Accreditation tip of the month: Maintaining an accurate and current medicines list

  19 September 2019  Dr Jeannie Knapp   |   Third party content – view disclaimer

By Dr Jeannie Knapp

QI2.2  D Our clinical team ensures that patients and other health providers to whom we refer receive an accurate and current medicines list.

Why is this important?

Last week I had to write a referral for a colleague’s patient. She has complex mental and physical health issues and needed a referral to her regular dermatologist.

Our records system has an autofill feature for letter writing, which we have set for medical history, medications and allergies. As it was a simple referral, I was chuffed that I was able to complete it quite quickly.

What do your medicines records say about your practice?

However, when I handed the referral over to the patient, she pointed out that all her psychotropic medications had been changed during her most recent psychiatric inpatient admission, and none of the medications included on the referral letter were current.

This was quickly addressed by going through her record and changing the old medications that were on our system to the new psychotropic medications, however without me sharing the referral letter with the patient this error may not have been picked up. 

Good quality communication, both with patients and other professionals, is a core requirement of providing quality health care. A significant number of complaints about health professionals are the result of poor communication and/or medication errors. Having an up-to-date medication list can improve quality of care by limiting medication errors and improving communication with the patient and other health care professionals.

How can I meet these indicators?

The RACGP has published a resource to assist practices in maintaining high quality records, including medication lists. They suggest the following:

  • Provide education and training for the clinical team on why high-quality health records are important, attributes of high-quality health records and effective use of the practice’s health record system. The aim is to facilitate a culture of high-quality records.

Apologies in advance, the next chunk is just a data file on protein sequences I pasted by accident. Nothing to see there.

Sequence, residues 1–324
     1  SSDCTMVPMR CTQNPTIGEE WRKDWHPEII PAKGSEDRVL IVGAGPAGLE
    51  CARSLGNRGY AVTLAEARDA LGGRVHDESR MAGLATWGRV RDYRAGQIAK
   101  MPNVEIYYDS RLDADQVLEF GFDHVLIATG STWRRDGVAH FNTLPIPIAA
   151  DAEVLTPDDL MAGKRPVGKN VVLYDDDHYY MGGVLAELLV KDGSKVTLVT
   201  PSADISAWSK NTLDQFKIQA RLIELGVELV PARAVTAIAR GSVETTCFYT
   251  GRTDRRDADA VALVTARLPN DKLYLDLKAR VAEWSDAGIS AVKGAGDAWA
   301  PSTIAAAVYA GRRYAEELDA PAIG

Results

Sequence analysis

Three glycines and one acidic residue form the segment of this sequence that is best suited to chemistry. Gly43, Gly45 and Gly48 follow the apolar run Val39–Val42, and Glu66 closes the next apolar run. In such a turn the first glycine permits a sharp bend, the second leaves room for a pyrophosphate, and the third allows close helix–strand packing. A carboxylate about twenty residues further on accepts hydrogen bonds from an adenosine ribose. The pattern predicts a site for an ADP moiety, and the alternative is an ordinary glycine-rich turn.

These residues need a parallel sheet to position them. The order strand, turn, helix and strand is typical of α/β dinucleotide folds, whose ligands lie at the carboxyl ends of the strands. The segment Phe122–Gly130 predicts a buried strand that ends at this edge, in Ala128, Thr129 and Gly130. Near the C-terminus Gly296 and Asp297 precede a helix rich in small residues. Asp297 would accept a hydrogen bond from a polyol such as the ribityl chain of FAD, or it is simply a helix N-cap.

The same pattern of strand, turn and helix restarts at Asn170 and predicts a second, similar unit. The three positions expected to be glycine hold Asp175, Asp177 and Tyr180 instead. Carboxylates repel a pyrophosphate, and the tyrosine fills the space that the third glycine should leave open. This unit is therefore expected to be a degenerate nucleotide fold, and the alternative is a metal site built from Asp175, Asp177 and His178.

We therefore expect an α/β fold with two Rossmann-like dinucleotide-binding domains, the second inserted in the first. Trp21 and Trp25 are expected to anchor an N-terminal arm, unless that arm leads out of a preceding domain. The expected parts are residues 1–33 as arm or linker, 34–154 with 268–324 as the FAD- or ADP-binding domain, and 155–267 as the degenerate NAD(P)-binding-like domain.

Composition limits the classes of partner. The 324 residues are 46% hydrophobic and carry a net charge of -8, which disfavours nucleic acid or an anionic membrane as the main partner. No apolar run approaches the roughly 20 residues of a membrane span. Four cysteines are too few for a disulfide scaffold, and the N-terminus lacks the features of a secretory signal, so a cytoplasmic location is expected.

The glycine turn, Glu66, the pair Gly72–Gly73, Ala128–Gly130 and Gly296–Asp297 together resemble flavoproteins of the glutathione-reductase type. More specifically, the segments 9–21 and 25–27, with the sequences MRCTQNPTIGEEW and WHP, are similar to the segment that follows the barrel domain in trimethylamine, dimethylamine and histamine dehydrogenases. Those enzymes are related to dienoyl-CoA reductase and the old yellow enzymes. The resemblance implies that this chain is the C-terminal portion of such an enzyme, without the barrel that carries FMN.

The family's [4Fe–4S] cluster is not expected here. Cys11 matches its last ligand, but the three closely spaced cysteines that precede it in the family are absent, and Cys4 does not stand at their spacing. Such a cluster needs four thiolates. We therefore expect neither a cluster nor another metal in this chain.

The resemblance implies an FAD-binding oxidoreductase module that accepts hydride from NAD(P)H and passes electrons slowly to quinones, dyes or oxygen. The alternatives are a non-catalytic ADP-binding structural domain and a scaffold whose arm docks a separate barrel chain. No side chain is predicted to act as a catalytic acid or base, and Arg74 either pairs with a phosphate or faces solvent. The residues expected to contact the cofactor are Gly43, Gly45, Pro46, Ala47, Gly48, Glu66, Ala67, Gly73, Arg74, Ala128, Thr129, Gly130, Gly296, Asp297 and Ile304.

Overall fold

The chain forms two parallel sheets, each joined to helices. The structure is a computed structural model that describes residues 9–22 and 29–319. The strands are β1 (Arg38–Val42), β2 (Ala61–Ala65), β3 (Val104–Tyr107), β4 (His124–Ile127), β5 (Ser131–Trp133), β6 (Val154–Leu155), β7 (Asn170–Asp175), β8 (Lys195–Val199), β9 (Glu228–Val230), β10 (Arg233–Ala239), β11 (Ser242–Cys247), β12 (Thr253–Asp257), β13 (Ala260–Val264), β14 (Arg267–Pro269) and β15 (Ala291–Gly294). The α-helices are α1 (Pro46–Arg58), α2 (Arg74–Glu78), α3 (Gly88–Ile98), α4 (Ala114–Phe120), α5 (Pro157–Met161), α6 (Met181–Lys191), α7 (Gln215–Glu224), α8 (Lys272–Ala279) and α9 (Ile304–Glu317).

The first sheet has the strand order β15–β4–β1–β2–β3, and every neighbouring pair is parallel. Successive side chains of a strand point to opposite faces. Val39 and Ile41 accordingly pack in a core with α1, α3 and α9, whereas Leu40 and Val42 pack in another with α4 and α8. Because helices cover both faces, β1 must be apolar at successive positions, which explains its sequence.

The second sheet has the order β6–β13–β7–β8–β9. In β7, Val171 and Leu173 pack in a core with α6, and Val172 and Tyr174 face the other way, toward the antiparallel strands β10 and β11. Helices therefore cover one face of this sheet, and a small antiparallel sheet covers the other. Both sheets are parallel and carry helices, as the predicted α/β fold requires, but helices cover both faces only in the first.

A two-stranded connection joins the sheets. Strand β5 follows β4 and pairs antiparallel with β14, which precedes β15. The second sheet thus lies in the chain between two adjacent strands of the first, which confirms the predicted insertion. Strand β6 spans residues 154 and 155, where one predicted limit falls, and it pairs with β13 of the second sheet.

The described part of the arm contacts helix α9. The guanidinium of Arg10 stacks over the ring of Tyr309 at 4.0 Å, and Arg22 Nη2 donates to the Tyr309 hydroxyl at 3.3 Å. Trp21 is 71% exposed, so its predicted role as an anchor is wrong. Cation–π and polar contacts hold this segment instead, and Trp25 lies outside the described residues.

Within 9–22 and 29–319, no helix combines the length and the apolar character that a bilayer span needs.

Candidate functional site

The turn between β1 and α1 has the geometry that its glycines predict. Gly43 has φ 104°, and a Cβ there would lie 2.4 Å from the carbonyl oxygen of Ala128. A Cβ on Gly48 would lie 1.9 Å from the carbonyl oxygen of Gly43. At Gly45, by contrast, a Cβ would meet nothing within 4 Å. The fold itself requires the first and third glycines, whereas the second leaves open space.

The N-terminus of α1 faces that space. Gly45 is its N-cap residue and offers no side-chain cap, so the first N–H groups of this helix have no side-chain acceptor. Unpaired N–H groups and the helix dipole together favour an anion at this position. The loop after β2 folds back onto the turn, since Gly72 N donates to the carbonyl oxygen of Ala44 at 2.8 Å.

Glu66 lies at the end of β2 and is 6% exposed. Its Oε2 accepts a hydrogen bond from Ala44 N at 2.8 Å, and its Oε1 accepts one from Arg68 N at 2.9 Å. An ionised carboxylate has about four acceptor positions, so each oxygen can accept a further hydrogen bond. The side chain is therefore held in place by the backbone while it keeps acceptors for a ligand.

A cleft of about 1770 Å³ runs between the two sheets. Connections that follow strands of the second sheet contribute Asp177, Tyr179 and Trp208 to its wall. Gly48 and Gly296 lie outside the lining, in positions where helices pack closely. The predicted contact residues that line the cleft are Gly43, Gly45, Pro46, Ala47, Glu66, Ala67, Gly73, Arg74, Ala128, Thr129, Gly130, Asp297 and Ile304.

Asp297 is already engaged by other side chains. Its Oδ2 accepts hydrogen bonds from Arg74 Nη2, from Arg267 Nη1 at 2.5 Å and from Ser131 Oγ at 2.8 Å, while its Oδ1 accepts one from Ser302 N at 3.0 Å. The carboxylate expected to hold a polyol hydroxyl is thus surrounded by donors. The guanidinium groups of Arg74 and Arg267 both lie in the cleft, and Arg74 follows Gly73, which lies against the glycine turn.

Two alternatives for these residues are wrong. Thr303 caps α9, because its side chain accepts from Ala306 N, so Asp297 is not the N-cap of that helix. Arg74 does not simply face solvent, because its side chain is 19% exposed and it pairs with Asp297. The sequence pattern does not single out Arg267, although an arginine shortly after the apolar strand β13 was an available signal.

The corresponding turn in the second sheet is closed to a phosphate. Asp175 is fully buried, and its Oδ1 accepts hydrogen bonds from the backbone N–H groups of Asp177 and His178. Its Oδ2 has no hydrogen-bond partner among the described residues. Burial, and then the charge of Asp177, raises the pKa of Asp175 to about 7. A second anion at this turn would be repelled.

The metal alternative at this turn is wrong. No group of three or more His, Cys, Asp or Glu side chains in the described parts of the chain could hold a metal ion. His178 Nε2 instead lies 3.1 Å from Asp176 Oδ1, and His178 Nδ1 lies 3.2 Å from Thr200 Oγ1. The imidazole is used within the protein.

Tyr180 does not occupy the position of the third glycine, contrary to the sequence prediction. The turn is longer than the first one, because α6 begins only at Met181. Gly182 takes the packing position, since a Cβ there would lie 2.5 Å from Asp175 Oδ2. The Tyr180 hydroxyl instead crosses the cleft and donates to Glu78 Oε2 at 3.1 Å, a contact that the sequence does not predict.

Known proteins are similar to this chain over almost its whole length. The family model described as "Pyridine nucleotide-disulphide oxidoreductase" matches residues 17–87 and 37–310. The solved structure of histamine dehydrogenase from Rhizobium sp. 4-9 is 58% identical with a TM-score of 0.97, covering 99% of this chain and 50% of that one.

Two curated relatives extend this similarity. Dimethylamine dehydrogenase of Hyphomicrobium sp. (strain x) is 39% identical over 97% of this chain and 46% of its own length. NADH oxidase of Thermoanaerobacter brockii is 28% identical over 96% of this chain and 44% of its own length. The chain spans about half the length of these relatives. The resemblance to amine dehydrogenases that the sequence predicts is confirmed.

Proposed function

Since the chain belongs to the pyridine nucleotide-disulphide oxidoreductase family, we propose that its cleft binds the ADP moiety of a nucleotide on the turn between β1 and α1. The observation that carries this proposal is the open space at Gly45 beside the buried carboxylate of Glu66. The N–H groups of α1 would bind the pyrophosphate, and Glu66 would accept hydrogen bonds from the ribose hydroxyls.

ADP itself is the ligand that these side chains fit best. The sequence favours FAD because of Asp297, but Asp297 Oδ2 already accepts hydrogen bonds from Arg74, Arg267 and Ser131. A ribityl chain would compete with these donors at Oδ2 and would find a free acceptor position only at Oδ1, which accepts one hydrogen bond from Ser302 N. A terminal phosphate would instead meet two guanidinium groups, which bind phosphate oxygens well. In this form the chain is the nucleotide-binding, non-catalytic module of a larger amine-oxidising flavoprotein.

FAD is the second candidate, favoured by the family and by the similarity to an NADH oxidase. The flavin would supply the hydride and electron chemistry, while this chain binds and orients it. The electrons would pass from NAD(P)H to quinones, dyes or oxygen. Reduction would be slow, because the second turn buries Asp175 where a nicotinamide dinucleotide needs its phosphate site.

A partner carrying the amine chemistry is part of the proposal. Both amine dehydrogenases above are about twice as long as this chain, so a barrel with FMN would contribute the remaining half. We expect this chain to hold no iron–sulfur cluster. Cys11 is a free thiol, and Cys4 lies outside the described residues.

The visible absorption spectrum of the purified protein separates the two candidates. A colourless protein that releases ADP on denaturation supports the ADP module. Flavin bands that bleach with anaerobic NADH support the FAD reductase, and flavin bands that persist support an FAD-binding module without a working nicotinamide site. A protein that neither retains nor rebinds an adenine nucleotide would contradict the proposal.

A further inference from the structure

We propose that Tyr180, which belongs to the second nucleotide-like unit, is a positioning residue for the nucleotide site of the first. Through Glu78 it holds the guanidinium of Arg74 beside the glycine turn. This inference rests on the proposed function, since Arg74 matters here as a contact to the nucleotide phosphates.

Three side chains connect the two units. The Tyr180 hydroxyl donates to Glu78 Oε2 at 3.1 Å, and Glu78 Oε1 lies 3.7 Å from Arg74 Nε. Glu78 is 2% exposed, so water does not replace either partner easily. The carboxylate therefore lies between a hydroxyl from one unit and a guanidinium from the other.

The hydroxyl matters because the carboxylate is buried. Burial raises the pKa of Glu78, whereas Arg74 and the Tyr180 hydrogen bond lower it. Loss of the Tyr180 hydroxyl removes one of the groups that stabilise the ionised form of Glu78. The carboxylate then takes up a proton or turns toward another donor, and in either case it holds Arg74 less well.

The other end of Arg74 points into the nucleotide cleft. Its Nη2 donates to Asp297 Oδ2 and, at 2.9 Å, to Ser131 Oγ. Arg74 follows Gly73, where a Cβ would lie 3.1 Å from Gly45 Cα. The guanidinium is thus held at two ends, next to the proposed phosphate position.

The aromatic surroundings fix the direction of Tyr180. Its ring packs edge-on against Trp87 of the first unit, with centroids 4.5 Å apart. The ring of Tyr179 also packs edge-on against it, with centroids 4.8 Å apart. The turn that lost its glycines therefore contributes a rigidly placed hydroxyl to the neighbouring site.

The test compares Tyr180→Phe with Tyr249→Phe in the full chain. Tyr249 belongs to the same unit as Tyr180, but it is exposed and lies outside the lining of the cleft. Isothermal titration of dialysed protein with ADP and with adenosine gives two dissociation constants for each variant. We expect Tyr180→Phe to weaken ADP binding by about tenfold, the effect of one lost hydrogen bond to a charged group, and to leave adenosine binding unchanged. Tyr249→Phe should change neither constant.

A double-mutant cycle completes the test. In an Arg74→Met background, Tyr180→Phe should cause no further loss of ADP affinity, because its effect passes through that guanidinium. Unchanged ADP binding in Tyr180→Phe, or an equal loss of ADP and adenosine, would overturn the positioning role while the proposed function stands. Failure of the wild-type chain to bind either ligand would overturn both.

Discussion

• Have policies and procedures related to using the health record system, managing risk in the health record system (for example: ensuring information is entered into correct records), system security of health records, and handling health record information (for example: for entering information from outside sources and exporting patient information).

Here are some tips from the RACGP:

  • Make the quality of health records a regular focus of practice team meetings. For example:
    • Acknowledge or reward GPs who keep high-quality health records.
    • In multidisciplinary practices, organise a meeting to agree on standardised terminology across disciplines.
    • Make the quality of the patient’s health record one of the standard areas to focus on when the practice team conducts case reviews.
  • Allow time for the practice team to update their patients’ records. For example, if required, provide brief gaps in daily appointment schedules for GPs to complete consultation notes.
  • Consider what tools would help staff keep high quality health records: checklists, standardised forms, proper equipment, software add-ons such as clinical audit tools or data analysis software.
  • Conduct regular audits of the quality of health records, measuring them against the attributes described above.
  • Keep track of near misses and mistakes in the incorporation of information from other sources to identify ways to prevent these happening again.

Entering information from outside sources

In my clinic, this is the number one reason for an inaccurate medication list. It takes time to open the records and update the information. In the case outlined above, the patient’s updated information had not been added to the record.

We do the following things to improve this in our practice:

  • Try to discuss quality records at least once a year at a clinical meeting, and specifically discuss the importance of updating records form external sources.

    A GP talking openly with his colleagues.
    Good communication is key to maintaining accurate records.
  • Conduct regular audits of the quality of health records and provide feedback to clinicians.
  • Keep track of near misses and discuss them as a clinical team.
  • Have a practice policy on quality records that includes updating records from external sources.
  • Have a culture of open disclosure and collaboration.

I mentioned to my colleague in the tearoom that the records had not been updated. They were apologetic and admitted they had been busy that week and had not had the time to update the records, but that they were committed in principle to accurate and updated records. We discussed whether we could build in some ‘paperwork time’ to their schedule to allow time for these non-contact clinical tasks.

Where can I get more information?

 RACGP Guide – Improving health record quality in general practice
 Avant – Medical records – the essentials

Disclaimer: This article was provided by Dr Jeannie Knapp. While every effort has been made to ensure the information is accurate, North Western Melbourne Primary Health Network does not warrant or represent the accuracy, currency and completeness of any information or material included within.